Aaron Messer, son of Lynn Messer, explained how he came to be on the farm and how his daughter found Lynn’s remains.
“The relationship between my brother and my dad deteriorated so poorly and after mom disappeared, before really a lot of theories developed and came in and the conflict came to a head between Abram and my dad, Abram left the farm and I moved onto the farm,” said Aaron. “So I was not on the farm at the time my mom disappeared and I have moved there since basically in an effort to pull closer to my family and to be closer to my brother, his kids and my sister-in-law and to my dad.”
Aaron said he knew the relationship was very tenuous between his brother and dad, but he wanted to stay close, wanted to find out as much detail as he could of what their attitudes and their approaches were to things.
“I wanted to try to piece it together for myself, because I was hearing from Abram all these conflicts and these struggles with dad,” explained Aaron. “I wanted to not be absent from it. Not that I want to have conflict at all, but I wanted to be able to share the burden, to work with my brother, so he was not in one sense alone struggling with saying Dad says one thing and he is doing other things and not being able to share that and say I see that to be true. I had many reasons for moving onto the farm, none of which was to supplant anyone.”
Aaron said since finding his mom’s remains, the police have ruled out the suspicions like Abram was on the farm, Abram leaves the farm, Aaron’s on the farm, now Aaron finds the body.
“You can draw conclusions there that there is some kind of knowledge or illusion that I’m kind of my dad’s lackey or something,” explained Aaron. “That I was put up to this. So police have been very focused on that. Since finding her remains I have gone through additional voice analyzers, lie detector tests to prove that I had no prior knowledge of where she was. Finding her was an absolute accident.”
Aaron went on to say he and his daughters hopefully will be hunting (today) and next weekend for deer season. In preparation, Aaron and his daughters went out on the farm property early last week to look for where they might set up to hunt.
“Because my brother is not on the farm, there is an opportunity to hunt anywhere rather than go hunt in this space or that space,” said Aaron. “We have had my brother’s kids, my kids and my dad all hunting in the past, so there has been very limited areas to hunt. I was always told they are hunting there, so don’t go in that direction or you will be behind them or be near them too closely.”
Aaron said they were excited they had the opportunity to walk around a lot of places that they wouldn’t normally go for hunting. There is an area on the farm that they refer to as the water gap. It’s the southern most tip of the farm in the furthest woods.
“It’s where the wet-weather creek that runs through the farm comes onto the property coming down stream,” said Aaron. “The fence has always crossed the creek at that point. We were headed out that direction and of course taking our time through the woods. We left about 5 p.m. in the evening, pre-daylight savings time, and we were just going on a walk through the woods to look at places.”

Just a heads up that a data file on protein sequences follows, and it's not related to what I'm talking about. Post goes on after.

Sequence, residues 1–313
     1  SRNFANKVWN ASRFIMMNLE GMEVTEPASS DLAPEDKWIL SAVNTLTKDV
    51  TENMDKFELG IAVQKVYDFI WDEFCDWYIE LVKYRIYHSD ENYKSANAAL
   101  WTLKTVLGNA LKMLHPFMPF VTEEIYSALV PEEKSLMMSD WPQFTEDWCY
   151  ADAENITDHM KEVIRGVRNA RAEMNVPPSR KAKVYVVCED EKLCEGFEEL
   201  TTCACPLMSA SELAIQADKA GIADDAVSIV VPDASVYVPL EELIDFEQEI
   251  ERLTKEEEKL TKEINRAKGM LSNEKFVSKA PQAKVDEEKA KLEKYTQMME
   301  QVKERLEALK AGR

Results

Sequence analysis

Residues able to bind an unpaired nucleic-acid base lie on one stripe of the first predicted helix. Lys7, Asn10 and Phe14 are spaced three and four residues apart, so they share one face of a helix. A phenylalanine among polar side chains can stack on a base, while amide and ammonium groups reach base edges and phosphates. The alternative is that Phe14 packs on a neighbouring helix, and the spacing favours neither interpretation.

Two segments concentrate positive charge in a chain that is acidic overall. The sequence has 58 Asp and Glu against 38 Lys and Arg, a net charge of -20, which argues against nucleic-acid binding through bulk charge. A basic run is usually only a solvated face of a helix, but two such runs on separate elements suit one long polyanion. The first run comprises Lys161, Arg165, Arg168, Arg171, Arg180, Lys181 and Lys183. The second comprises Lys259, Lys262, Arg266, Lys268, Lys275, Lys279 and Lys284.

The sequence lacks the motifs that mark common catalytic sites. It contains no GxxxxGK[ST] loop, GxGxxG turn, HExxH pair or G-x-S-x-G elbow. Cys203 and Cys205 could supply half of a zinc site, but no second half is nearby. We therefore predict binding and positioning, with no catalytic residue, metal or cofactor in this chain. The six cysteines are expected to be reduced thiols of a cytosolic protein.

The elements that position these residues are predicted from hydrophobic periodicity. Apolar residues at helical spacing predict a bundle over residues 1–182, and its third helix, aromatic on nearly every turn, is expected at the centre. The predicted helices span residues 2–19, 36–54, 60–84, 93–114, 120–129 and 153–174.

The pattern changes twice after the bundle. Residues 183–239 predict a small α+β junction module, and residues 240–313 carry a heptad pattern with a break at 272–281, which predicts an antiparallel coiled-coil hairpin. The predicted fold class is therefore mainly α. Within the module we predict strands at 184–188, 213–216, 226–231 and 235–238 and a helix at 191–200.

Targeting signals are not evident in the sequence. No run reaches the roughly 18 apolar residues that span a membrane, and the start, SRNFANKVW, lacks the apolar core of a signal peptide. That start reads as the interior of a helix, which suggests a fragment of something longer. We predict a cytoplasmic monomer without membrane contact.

By 6 p.m. they were down in the water gap and started heading up the hill to the back field.
“I walked right past what we have identified as her remains and my daughter, who is 14, actually called out to me and said ‘Dad, Dad, did you see that skeleton in the woods?’ I was like 'what? I didn’t see anything,'” said Aaron. “She said ‘No, there is skull back there and it is human.’ I said no, no, Emily show me what you found.”
Aaron said he and his two daughters walked back down the hill about 30 feet from where they had continued to walk. She pointed it out and he could tell immediately, the skull was laying on its side, to where it sort of tilted upward so the teeth were exposed.
“I could see there were teeth that had fillings, which told me instantly this is a human remain,” Aaron explained. “It is not an animal. I didn’t take any time to examine anything else at that point. As soon as I knew it was human, I didn’t even have my cellphone. I had my daughter give me her phone and got proof it was a skull by taking a picture and I gave the kids very clear directions because I knew it was going to a chaotic moment from here on out.”
Aaron told his girls they were going to go straight home. The farm has locked gates and no one can enter the property without explicit consent from his dad.
“I said we were going to go unlock the gates, I have to get ahold of the police, I have to get ahold of Grandpa, I have to get ahold of Abram and other people,” recalled Aaron. “We need to make sure that they get here and they see it. We were out scouting for hunting, so we were wearing our orange vests because it's archery season and you never know if somebody is where they aren’t supposed to be. You can run into hunters anywhere and no one wants to get shot.”
Aaron said he took one of the orange vests and marked a twig directly above where they found the skull and then walked straight up the hill to an electric fence that runs around the field. They marked the fence there with another orange vest so they could find it again.
“From there it was just a storm of phone calls,” said Aaron. “I tried to reach my brother, he answered, which was a miracle and I told him we found what I believe is Mom's remains. I asked him to please call the police, please get ahold of the detectives who we need to talk to to get them here because this is important. He immediately was on the phone making phone calls to get the police there.”